In his piece, Jesse introduces the concept of Adversity Quotient (AQ). So what is AQ?
Many of us are familiar with Intelligence Quotient (IQ) and Emotional Quotient (EQ), yet in 1997, Paul Stoltz introduced a new yet interesting and intriguing concept – Adversity Quotient (AQ), which tells how well one withstands adversity and his ability to triumph over it… and research has shown that measurement of AQ is a better index in achieving success than IQ, education or even social skills. By understanding the concept of AQ we can better understand how we and others react to challenge and adversity in all aspects of our lives. In fact, how people respond to adversity is a strong indicator of ability to succeed in many endeavours.
Dr. Paul Stoltz defines Adversity Quotient as “the capacity of the person to deal with the adversities of his life. As such, it is the science of human resilience.”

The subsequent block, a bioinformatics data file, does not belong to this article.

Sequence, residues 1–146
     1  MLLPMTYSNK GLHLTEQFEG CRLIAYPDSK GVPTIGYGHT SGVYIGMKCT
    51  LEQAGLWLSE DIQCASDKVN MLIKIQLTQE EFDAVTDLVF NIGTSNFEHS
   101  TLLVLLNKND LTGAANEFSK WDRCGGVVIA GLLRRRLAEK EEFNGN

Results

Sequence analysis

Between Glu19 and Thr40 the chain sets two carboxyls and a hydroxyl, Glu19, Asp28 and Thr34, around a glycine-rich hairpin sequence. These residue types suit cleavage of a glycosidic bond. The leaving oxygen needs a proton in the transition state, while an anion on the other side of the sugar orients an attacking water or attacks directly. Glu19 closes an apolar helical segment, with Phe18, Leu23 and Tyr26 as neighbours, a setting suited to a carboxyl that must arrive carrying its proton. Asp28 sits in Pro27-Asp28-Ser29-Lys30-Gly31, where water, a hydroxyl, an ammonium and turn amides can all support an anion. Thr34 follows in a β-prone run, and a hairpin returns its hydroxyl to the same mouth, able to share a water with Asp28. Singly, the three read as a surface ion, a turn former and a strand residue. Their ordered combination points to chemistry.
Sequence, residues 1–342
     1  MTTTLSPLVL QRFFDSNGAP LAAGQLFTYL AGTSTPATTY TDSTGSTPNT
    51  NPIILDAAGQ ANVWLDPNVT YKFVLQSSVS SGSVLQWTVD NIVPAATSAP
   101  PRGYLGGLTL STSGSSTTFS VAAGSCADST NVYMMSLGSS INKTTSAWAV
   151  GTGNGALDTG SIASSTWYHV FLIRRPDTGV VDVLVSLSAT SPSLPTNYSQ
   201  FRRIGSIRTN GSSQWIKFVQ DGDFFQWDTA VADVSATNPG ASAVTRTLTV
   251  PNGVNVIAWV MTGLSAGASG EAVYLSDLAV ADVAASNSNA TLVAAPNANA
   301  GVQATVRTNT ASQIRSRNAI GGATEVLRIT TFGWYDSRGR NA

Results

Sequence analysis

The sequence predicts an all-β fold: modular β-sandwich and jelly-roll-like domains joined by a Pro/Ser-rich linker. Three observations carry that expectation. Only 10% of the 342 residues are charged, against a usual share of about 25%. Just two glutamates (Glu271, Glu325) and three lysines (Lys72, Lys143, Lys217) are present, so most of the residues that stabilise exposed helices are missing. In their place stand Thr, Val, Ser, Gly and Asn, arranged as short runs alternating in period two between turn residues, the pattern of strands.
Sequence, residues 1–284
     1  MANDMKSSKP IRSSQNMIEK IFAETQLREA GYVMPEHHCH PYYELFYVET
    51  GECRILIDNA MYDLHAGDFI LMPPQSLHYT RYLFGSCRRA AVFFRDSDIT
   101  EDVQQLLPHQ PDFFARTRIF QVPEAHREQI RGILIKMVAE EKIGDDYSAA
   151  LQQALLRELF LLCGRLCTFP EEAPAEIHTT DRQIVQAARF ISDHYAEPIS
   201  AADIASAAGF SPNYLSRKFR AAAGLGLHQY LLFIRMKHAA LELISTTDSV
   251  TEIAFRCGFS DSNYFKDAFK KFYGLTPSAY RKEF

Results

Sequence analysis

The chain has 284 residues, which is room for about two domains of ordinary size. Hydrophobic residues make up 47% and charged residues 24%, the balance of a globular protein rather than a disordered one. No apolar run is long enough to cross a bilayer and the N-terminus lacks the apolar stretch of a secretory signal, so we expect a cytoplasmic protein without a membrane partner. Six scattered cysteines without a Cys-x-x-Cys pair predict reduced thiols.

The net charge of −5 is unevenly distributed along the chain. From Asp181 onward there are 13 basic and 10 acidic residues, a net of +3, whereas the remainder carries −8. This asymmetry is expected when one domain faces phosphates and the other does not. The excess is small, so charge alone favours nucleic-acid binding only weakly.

There is lots of great information about AQ on Dr Stoltz site here… and I have borrowed much of the following explanation from the excellent piece “Adversity Quotient (AQ): An Emerging Determinant of Success and Superior Performance” on stitchesm.blogspot.com here:
To summarise: A person’s AQ can be measured. It is comprised of four CORE dimensions –
C for Control – To what extent can you influence the situation? How much control do you perceive you have? Those with higher AQs perceive they have significantly more control and influence in adverse situations than do those with lower AQs.
O for Ownership – To what extent do you hold yourself responsible for improving this situation? To what extent are you accountable to play some role in making it better? Those with higher AQs hold themselves accountable for dealing with situations regardless of their cause. Those with lower AQs deflect accountability and most often feel victimized and helpless.